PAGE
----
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Some new immigrants from Cuba need a second look

Fabiola Santiago: Some new immigrants from Cuba need a second look

Cuban immigration is stirring up a hornet’s nest of concern, with good

Are some of the Cuban newcomers victims fleeing oppression and economic
hardship — or two-faced opportunists seeking to cash in on generous U.S.
government benefits available only to Cuban refugees?

Are supporters of the Castro regime going into exile already — in Miami
of all places — because they fear internal change? Or because they don’t
want to be left out of the spoils of living on the other side?

Or the worst case, are the new immigrants Cuban government plants, sent
to stir up and diminish the Cuban exile community? A new “Age of
Engagement” way to spy for Cuba?

It’s hard to know for sure.

But enough evidence has surfaced in recent days that something sinister
is afoot — and it’s time for the relations-giddy Obama administration to
pay attention to what’s happening in the underbelly of Cuban Miami, and
Tampa, too.

It’s time to investigate who is on a stampede from Cuba to touch U.S.
soil and take seriously the accusations of exiled dissidents, who say
that some of their oppressors in Cuba are living it up in Miami and
taking advantage of the Cuban Adjustment Act to become residents, and
eventually U.S. citizens.

Take the case of Jenny Freire Rosabal. In a 2012 video in Cuba, she is
clearly seen leading a demonstration against Cuban dissidents who are
barricaded in their house in the eastern province of Camagüey.

From inside their home, the dissidents are filming the angry
neighborhood mob outside engaged in an “” against
them, as these violent attacks are called in Cuba.

Freire and her crew are chanting pro-Castro slogans and threatening to
kick in the door. The barricaded dissidents, in turn, are chanting “Down
with Fidel! Down with Raúl!” and denouncing, on the anniversary of the
massacre, the number of children killed when Cuban government gunboats
sank a tugboat packed with fleeing families in 1994.

Freire is the one in bright yellow tights and red blouse seen holding up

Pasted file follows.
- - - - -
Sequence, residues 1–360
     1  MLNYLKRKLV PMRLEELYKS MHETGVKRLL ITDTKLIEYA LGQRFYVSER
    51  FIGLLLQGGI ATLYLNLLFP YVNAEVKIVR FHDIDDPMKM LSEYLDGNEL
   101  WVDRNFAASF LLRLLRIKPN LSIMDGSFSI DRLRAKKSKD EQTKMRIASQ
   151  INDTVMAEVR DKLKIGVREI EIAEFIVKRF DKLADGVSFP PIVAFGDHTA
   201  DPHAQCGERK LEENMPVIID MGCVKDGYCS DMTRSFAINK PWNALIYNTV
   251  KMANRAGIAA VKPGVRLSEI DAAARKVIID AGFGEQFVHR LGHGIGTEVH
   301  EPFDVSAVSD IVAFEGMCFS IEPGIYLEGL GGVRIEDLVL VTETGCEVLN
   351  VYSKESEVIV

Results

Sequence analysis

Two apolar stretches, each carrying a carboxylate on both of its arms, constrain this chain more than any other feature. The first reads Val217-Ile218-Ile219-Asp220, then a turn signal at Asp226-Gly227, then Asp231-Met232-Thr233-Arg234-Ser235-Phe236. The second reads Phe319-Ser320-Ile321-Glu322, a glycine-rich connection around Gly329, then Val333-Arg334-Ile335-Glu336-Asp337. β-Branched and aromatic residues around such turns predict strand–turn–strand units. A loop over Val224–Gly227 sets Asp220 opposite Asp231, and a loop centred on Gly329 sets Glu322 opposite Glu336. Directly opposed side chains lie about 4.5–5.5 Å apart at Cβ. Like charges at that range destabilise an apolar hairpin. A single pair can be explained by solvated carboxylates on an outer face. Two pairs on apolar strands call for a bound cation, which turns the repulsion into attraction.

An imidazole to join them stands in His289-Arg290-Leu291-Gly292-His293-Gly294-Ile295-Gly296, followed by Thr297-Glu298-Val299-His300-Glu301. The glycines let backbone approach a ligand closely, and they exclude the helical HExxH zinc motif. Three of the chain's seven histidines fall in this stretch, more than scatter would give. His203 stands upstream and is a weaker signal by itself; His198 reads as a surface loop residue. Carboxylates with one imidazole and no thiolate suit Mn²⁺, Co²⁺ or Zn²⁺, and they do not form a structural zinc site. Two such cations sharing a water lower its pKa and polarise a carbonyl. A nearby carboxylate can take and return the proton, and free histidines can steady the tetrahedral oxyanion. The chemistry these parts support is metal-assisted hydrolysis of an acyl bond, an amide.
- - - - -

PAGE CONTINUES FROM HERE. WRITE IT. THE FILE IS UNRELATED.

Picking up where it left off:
a cardboard banner that says “Long Live the Revolution!” and rallying
everyone around her. She’s also pictured on the in
rallying on behalf of chavismo, an indication that she’s more than just
a local small-town activist in Santa Cruz del Sur.

Now, flash-forward to Facebook in June, 2015, and there she is …
married and living in Miami. In her profile photo, she poses smiling in
front of packed store shelves.

The man who identified Freire and brought her presence in Miami to light
is the man whose home she attacked in 2012: Yoan David
Gonzalez, member of a prominent group in eastern Cuba.

Freire’s husband, Adalberto Duvernal — tracked down Monday by a
Univision 23 reporter at his job at a custom boat manufacturer off the
Palmetto Expressway — confirms on camera that Freire is the woman who
staged the videotaped .

Duvernal claims that his wife was “forced to do that” in Cuba so that
she could be seen as a Castro supporter, be allowed to , and find
a way out of the island. She had tried four times to leave and failed,
he said. Such displays of doble moral — two-faced morality — are common
in Cuba. We’ve seen this play out before in previous generations, when
people made proclamations of loving Fidel or being Communists and later
defected at the first chance. But people seldom went as far as violently
attacking others.

To make this case more revolting, Duvernal accuses Gonzalez, the
dissident, of being “a criminal” — the preferred Cuban government
terminology to demean dissidents. Duvernal, also a recent arrival, says
he came as a “political refugee” himself and brought Freire — whom he
married in October — with him.

What a mockery of U.S. law and the concept of this country as a place of
refuge to the truly politically persecuted.

Gonzalez says he has filed a complaint against Freire with immigration
authorities and with U.S. Rep. Frederica Wilson, in whose district he
lives. Wilson should take it up with the Obama administration. The Cuban
Americans in Congress should also support an investigation. Cuba
immigration policy needs a lot of revision and updating.

Who is who, and who is doing what, is not a difficult thing to
investigate these days, when everyone feels the need to be on social
media. It didn’t take me long to follow the online print of Freire and
company to discern who is who — and to make connections to recent Cuban
arrivals in Miami, Tampa and New York who have ties to open Cuban
government supporters.

Looking the other way while rights abusers take advantage of a generous
engagement policy for personal gain and to push their agenda is not an
option in a country that purports to uphold and as
sacred values.

Every American has made the same mistake: underestimating the
Castro regime and its tactics — among them pushing to its
advantage. President Barack Obama should think himself no different and
develop some skepticism, and quickly.

It’s one thing to pursue engagement as a savvy strategy, a new way
forward. It’s quite another to be played for a fool.

Source: Fabiola Santiago: Some new immigrants from Cuba need a second
look | Miami Herald –

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